Businesses all over the world have ethical responsibilities to meet in the market segments they operate. Whether the firm is privately or publicly owned, it has moral obligations to fulfill. Societies all over the world have moral standards within which populace should conform. Any business enterprise conducting business in a community needs to ensure that its practices do not compromise the ethical standards of the societies that host them. Furthermore, businesses have the social responsibility to maintain significance and positively affect the communities in whose midst they operate.
Ethical responsibility ensures that a firm is in good terms with all its stakeholders. An ethical business enterprise keeps and fulfills its promises. It does not need lawsuits and legal tussles to undertake its obligations to its stakeholders. In a political platform, such an enterprise keeps a peaceful coexistence with all regimes. It avoids practices that may put its reputation at stake. In societies where corruption is rampant, ethically responsible enterprises avoid engaging in fraudulent practices. Ethical responsibility demands that the firm pays taxes, abides by all legal requirements, treats employees professionally and meets its financial obligations to its stakeholders.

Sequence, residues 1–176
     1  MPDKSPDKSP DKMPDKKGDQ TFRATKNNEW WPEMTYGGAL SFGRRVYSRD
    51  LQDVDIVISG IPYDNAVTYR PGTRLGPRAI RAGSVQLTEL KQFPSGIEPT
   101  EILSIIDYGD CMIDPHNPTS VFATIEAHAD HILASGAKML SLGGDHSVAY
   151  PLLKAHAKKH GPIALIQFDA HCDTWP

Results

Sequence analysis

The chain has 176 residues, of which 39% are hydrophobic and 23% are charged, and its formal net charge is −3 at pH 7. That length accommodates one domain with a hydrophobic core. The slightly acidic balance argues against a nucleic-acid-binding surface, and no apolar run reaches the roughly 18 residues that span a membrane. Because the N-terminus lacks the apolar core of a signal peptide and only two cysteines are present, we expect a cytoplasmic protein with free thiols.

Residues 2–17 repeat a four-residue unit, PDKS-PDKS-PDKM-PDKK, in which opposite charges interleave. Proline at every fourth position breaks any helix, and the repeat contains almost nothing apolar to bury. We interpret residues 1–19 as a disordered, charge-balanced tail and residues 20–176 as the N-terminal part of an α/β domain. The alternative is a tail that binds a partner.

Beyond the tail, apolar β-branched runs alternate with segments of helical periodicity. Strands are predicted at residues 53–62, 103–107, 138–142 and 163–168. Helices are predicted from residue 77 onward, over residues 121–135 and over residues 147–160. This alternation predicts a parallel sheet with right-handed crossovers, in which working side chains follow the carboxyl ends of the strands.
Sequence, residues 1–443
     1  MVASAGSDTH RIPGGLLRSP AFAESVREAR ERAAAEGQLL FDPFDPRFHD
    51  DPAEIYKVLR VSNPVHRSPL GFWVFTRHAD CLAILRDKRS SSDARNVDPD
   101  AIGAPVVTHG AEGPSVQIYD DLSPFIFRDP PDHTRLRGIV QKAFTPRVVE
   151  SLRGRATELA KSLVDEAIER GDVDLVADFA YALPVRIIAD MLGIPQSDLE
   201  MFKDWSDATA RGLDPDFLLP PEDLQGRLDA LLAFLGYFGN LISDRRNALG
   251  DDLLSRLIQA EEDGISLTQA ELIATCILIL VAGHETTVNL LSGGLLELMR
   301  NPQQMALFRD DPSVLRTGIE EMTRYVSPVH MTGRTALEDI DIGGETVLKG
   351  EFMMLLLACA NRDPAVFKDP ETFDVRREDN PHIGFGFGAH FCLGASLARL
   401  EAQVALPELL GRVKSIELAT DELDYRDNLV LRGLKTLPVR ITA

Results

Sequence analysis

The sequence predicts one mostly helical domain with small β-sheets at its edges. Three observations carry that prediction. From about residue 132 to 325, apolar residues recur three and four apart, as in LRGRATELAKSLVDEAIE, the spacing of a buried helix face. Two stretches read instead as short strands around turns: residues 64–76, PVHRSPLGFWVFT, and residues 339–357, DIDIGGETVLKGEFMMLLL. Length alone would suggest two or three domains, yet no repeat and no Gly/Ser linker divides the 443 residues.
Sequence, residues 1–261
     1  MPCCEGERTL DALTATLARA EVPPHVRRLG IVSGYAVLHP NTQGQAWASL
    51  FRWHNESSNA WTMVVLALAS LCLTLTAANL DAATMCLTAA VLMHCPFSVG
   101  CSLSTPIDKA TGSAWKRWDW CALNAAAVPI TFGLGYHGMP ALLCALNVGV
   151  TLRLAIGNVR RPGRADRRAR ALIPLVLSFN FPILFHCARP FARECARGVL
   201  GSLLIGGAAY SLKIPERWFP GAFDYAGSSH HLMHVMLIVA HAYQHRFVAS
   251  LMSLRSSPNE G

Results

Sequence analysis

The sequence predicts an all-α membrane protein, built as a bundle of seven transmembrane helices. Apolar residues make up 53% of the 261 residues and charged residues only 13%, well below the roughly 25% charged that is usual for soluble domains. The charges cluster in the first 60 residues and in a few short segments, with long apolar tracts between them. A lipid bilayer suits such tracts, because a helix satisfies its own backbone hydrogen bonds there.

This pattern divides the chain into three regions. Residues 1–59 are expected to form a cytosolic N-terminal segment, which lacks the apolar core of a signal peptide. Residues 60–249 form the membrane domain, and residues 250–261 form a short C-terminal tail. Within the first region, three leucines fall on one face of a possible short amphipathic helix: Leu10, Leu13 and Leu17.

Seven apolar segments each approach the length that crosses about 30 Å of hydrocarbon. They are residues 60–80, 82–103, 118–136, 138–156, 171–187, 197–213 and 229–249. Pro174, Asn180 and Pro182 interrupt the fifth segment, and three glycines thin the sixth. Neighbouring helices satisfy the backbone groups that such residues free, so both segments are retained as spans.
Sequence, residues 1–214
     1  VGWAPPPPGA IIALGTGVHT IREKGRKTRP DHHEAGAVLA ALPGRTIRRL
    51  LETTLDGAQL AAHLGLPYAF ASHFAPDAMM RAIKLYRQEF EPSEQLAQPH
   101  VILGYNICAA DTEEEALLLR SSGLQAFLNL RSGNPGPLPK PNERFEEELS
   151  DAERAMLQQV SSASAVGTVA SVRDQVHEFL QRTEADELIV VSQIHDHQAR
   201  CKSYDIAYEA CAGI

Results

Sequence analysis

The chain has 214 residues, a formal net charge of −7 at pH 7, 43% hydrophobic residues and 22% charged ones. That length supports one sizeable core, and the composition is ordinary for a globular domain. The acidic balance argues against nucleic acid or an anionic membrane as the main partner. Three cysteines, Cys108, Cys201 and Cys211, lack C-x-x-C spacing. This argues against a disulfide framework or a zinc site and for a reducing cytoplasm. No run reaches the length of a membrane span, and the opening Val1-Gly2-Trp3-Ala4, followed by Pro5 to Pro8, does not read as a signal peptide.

Socially responsible firms keep in touch with the social needs of the society within their boundaries. Such businesses strive to help meet the pressing needs of the societies. Social responsibility pushes the firms to contribute to health issues, infrastructural development and provision of social amenities to their host communities. They often directly or indirectly contribute in activities such as medical camps, water and electricity provision, sports and talent search and academic scholarships. Social responsibility keeps the enterprise in warm relationship with the community around. The long run effect is increased clientele loyalty, a boost in sales and subsequently high profitability.
Many benefits accrue to firm that maintain ethical and legal responsibility. The firms save fortunes by avoiding lawsuits that cost firms millions of dollars. The firm remains focused to its core objectives (Jane 2010, 39). Effective management becomes possible. As a result, an ethically and socially responsible firm always meets its targets. It captures large markets and increases its sales. Responsibility to ethical and social issues keeps the firm in good light. Clientele loyalty becomes irresistible. In addition, a responsible enterprise contributes to the development of the country in which it operates. There is also need to be ethically and socially responsible to sustain a healthy environment and avoid negative externalities associated with wrong production methods.